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Why the Taliban hates polio vaccines

A polio vaccinator was gunned down in Pakistan's Baluchistan province Tuesday, highlighting tensions between local health officials' push to stem the region's polio epidemic and the attempts by Pakistani Taliban commanders to ban vaccinations.

A team of male and female vaccinators was administering polio drops to children door-to-door when unknown gunmen on a motorbike shot dead a male volunteer, a senior government official told AFP.

The shooting spooked aid workers, and the vaccination campaign has been temporarily suspended in the area.

Earlier this year, a key Pakistani Taliban commander halted a campaign to vaccinate 161,000 children, arguing that the health initiative could be used by Western forces as a cover for espionage. The New York Times reported:

The commander, Hafiz Gul Bahadur, said that the vaccinations would be banned until the Central Intelligence Agency stopped its drone campaign, which has been focused largely on North Waziristan.

The Taliban's fears also stem from the work of Shakil Afridi, a Pakistani doctor who administered polio vaccines but had also been working with the CIA for years and helped the United States root out Osama bin Laden, The Washington Post's Richard Leiby reported. Afridi was sentenced to 33 years in prison on treason charges in May.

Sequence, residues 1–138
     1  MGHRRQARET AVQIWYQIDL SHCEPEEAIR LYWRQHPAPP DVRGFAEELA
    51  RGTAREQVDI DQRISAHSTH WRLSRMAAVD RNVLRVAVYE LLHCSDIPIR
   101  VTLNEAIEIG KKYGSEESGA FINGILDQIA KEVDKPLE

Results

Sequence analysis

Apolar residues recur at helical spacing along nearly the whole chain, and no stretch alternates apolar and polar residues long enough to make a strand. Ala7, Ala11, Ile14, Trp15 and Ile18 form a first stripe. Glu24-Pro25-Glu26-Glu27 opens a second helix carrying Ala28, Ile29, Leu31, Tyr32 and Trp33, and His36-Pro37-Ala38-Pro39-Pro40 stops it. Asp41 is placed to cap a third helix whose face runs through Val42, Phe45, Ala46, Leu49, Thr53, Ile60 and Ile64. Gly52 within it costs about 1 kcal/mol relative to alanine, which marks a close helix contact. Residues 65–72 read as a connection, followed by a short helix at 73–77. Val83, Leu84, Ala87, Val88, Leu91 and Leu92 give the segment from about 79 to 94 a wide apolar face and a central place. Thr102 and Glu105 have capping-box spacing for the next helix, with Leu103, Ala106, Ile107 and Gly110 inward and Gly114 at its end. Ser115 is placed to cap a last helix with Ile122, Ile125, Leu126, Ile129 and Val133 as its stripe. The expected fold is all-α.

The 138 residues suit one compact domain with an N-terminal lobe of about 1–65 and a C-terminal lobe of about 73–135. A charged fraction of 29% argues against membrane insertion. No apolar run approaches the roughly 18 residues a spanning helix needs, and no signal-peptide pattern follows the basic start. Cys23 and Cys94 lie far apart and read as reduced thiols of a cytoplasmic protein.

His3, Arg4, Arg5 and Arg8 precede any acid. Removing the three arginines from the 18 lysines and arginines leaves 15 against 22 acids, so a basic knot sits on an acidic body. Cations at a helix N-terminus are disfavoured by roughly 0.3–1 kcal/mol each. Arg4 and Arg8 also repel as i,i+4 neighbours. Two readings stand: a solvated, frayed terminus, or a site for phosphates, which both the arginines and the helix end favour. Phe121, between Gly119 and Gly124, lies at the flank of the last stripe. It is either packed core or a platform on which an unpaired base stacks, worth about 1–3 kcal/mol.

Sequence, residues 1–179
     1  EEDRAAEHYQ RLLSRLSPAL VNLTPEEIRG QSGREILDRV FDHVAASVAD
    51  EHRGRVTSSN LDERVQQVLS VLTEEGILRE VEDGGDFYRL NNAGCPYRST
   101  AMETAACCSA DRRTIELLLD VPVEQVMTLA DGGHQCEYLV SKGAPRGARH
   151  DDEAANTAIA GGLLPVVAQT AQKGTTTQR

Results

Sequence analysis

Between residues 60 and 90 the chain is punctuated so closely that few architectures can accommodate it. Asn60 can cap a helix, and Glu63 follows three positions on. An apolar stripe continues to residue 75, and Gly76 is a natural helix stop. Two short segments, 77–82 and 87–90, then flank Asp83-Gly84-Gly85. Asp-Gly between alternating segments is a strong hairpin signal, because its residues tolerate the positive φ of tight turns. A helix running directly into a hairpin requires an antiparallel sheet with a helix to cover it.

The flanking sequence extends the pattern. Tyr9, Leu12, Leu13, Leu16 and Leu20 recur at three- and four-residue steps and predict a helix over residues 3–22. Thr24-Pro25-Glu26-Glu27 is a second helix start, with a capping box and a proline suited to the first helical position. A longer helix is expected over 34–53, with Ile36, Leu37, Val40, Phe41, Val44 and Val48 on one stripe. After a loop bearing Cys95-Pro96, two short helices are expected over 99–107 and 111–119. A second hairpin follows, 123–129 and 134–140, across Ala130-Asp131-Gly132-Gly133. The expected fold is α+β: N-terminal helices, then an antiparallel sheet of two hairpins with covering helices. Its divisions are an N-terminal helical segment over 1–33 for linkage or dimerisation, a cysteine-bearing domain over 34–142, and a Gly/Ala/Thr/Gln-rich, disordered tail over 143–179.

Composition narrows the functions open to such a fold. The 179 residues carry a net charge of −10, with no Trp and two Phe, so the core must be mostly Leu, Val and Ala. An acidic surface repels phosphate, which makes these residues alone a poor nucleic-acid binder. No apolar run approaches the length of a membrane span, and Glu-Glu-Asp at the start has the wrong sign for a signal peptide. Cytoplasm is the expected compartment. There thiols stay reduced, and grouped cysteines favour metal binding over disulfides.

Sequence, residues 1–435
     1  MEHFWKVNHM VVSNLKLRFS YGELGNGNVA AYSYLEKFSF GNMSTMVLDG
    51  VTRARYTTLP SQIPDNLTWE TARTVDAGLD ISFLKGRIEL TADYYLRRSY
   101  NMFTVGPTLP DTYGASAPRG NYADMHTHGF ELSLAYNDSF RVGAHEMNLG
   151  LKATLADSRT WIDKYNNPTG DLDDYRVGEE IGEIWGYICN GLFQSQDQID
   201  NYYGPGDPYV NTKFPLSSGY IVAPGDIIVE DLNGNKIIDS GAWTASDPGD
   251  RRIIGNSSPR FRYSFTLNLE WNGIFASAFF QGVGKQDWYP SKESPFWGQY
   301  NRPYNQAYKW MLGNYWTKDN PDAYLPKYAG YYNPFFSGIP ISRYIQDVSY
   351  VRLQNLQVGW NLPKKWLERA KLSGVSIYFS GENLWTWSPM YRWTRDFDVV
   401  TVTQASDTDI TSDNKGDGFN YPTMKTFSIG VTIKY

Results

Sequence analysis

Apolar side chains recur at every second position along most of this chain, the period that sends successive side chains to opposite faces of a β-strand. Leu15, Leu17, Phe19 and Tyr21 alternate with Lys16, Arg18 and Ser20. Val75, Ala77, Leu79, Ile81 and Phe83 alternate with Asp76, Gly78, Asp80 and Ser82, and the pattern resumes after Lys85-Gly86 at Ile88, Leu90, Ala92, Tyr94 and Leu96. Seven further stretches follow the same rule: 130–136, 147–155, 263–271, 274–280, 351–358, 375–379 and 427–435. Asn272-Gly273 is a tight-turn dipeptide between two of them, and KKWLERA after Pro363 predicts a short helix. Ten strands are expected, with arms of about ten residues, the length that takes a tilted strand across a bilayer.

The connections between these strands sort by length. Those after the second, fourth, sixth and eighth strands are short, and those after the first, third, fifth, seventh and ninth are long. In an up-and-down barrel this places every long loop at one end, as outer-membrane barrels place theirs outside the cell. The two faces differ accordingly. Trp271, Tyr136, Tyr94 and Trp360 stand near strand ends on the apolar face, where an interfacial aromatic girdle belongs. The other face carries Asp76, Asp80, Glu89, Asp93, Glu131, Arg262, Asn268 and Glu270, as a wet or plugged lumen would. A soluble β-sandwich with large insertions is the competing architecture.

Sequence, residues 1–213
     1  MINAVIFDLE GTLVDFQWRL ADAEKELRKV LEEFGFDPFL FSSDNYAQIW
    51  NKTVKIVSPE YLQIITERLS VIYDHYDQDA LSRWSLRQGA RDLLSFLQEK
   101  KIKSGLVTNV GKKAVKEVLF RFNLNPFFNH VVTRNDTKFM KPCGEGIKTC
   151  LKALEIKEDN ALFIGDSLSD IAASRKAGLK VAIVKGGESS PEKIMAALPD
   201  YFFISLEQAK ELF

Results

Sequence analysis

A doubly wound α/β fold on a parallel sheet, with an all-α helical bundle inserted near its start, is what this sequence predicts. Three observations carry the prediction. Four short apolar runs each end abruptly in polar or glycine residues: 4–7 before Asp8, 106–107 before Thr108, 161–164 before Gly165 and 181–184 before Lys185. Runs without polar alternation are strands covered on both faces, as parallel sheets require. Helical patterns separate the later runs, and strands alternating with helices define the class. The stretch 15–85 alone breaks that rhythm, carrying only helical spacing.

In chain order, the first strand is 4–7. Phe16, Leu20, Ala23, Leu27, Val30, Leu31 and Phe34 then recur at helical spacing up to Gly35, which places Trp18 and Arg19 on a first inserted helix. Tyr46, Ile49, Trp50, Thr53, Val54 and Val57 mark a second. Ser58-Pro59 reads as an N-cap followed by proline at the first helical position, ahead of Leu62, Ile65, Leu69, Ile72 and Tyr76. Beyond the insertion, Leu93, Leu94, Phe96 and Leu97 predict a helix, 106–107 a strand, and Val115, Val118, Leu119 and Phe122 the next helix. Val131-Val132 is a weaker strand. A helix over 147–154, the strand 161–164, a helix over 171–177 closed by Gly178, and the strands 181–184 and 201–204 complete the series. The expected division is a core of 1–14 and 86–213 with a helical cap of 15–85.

In July, the World Health Organization estimated the polio vaccine ban could affect about 280,000 children living in tribal areas of northwest Pakistan. Polio is a contagious, viral illness that causes paralysis, difficulty breathing and sometimes death. In the United States, the last case of naturally occurring polio happened in 1979.

Pakistan is one of only three countries where polio remains endemic, along with Afghanistan and Nigeria, the AFP reported. There have been 30 confirmed cases of polio in Pakistan this year, 22 of them in the tribal areas bordering Afghanistan.

The situation has become so dire that Bruce Aylward, assistant director-general of polio at the World Health Organization said the government should try to assuage the Taliban's fears about the vaccination campaign.

"We need to address any underlying concerns the people may have about the operation," he told Al Jazeera. "We need to have their people doing the vaccinating, doing the planning, and making sure that they're done in a way that is acceptable to those communities."

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